Título Portugal – An in-depth analysis of the emigration of skilled labour
Autor Rui Pena Pires, Cláudia Pereira e Joana Azevedo
Editor Directorate DG Employment, Social Affairs and Inclusion
Palavras-chave emigration, skilled labour, Portugal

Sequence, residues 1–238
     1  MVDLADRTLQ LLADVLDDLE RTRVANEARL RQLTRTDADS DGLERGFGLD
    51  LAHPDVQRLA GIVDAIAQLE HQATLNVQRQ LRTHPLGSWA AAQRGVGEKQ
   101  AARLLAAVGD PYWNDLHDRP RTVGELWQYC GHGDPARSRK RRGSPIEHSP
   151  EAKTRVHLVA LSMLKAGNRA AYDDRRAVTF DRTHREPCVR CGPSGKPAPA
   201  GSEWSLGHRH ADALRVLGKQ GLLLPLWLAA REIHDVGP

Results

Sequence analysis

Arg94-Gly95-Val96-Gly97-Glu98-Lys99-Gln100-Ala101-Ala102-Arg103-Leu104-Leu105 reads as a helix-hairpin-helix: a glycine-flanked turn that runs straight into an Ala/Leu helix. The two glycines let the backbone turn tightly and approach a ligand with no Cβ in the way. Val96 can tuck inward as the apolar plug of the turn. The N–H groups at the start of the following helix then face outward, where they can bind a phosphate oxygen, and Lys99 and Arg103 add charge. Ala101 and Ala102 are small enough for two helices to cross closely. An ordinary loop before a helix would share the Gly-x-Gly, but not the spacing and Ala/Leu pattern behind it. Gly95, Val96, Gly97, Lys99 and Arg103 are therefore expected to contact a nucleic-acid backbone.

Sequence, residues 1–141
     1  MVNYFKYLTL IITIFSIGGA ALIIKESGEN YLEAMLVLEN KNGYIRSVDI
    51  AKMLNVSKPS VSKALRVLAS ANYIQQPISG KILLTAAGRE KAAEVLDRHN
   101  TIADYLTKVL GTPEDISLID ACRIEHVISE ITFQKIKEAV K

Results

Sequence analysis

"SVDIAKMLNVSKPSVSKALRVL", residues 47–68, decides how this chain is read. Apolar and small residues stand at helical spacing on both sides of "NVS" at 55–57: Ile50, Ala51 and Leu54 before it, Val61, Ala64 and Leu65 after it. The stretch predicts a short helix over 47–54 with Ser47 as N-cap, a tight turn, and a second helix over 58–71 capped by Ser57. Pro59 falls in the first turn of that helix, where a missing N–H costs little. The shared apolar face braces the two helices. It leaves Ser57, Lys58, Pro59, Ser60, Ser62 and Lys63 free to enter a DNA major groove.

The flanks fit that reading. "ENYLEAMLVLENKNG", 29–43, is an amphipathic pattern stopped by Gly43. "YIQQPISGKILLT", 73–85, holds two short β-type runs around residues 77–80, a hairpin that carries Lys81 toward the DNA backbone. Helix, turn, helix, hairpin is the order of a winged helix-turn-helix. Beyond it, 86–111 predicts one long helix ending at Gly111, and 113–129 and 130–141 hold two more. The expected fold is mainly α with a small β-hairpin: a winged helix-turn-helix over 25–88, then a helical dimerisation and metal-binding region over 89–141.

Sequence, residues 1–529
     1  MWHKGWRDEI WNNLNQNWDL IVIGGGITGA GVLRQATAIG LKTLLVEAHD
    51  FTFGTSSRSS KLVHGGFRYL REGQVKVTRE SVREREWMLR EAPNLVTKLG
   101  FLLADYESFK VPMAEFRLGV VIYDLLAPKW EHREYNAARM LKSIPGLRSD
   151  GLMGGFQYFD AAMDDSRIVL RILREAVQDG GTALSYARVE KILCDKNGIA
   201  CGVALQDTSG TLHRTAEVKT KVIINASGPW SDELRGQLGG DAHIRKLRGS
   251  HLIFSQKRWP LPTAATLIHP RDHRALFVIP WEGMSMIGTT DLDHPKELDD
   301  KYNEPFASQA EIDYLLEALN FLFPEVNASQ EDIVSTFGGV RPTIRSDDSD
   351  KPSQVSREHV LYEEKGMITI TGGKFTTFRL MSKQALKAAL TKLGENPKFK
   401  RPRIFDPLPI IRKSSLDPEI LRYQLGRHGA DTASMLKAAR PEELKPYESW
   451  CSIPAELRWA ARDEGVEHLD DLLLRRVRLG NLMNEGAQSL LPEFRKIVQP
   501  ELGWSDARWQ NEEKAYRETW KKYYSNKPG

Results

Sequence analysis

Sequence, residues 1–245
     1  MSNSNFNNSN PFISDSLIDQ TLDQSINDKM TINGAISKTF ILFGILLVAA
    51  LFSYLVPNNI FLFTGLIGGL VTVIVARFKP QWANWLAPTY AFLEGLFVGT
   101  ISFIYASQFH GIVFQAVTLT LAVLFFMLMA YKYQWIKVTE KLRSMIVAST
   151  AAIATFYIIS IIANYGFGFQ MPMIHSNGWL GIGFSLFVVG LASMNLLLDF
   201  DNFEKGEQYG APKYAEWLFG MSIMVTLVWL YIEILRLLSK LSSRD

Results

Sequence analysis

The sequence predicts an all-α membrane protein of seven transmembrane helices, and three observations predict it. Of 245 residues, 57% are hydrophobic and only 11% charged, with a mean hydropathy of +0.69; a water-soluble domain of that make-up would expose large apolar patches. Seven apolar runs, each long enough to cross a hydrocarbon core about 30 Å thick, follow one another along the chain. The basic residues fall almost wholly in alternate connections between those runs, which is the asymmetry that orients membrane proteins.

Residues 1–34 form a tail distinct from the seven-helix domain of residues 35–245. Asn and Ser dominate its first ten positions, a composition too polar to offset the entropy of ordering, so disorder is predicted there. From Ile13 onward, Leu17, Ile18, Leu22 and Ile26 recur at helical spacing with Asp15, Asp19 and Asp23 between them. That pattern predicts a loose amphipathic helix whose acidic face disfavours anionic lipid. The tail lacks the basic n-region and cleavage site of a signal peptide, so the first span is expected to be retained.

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Following a downturn after 25 April 1974, Portuguese emigration grew steadily once the country joined the EU in 1986 and has accelerated since 2000. The economic trends of stagnation and downward pressure on public investment that followed Portugal’s accession to the Euro generated increased emigration during the first two decades of the 21st Century, mainly due to worsening labour market conditions (Pires et al. 2015; Peixoto et al. 2016). This increase was interrupted by the financial crisis of 2008-10 but reinforced during the fiscal consolidation of 2011-14. Portuguese emigrants in the 21st Century are more qualified than previously (Pires et al. 2011). However, the available data do not allow us to assess whether emigrants are more qualified than the Portuguese population at large, also more qualified than it was in earlier decades. Up until the last national census (2011), the share of people with tertiary education among the emigrant population grew at a similar rate as the share of people with tertiary education living in Portugal. But with the collapse of the flow of unqualified Portuguese emigration to Spain after 2008 and increasing emigration to new destinations such as the UK, it is possible that the structure of the emigrant population by qualification level has changed (Pires et al. 2015; Peixoto et al. 2016). The intensification of the growth of emigration this century and its recent stabilisation at a high level have helped to aggravate regressive trends in the Portuguese demography. Portugal today is a country with high emigration, low immigration, low birth rate and fast ageing. The migratory and birth-death rate balances are negative and the population has already begun to decline. At a more cyclical level, job creation only resumed in 2014, accompanied by a fall in unemployment. The recent dynamics of economic growth in Portugal are, however, still too recent and emergent to reverse the negative migratory balance and to avoid potential shortages of skilled and unskilled labour short-term.